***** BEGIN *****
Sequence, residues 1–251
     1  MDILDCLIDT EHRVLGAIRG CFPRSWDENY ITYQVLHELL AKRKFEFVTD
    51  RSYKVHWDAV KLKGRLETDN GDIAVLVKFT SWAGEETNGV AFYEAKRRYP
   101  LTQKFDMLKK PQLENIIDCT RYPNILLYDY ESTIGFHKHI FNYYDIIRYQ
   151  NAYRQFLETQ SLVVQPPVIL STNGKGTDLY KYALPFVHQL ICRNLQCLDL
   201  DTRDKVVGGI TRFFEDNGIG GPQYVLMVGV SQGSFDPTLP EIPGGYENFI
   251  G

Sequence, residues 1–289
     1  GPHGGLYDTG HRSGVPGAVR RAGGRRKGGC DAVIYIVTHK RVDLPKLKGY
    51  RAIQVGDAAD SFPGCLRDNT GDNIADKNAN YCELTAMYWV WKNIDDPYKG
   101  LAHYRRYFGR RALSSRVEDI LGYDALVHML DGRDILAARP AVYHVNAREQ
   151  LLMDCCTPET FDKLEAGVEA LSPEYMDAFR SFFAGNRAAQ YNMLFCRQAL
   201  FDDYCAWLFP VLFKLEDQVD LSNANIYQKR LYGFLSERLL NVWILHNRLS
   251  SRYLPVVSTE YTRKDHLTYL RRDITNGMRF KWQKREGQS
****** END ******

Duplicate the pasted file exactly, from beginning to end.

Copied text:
Sequence, residues 1–251
     1  MDILDCLIDT EHRVLGAIRG CFPRSWDENY ITYQVLHELL AKRKFEFVTD
    51  RSYKVHWDAV KLKGRLETDN GDIAVLVKFT SWAGEETNGV AFYEAKRRYP
   101  LTQKFDMLKK PQLENIIDCT RYPNILLYDY ESTIGFHKHI FNYYDIIRYQ
   151  NAYRQFLETQ SLVVQPPVIL STNGKGTDLY KYALPFVHQL ICRNLQCLDL
   201  DTRDKVVGGI TRFFEDNGIG GPQYVLMVGV SQGSFDPTLP EIPGGYENFI
   251  G

Sequence, residues 1–289
     1  GPHGGLYDTG HRSGVPGAVR RAGGRRKGGC DAVIYIVTHK RVDLPKLKGY
    51  RAIQVGDAAD SFPGCLRDNT GDNIADKNAN YCELTAMYWV WKNIDDPYKG
   101  LAHYRRYFGR RALSSRVEDI LGYDALVHML DGRDILAARP AVYHVNAREQ
   151  LLMDCCTPET FDKLEAGVEA LSPEYMDAFR SFFAGNRAAQ YNMLFCRQAL
   201  FDDYCAWLFP VLFKLEDQVD LSNANIYQKR LYGFLSERLL NVWILHNRLS
   251  SRYLPVVSTE YTRKDHLTYL RRDITNGMRF KWQKREGQS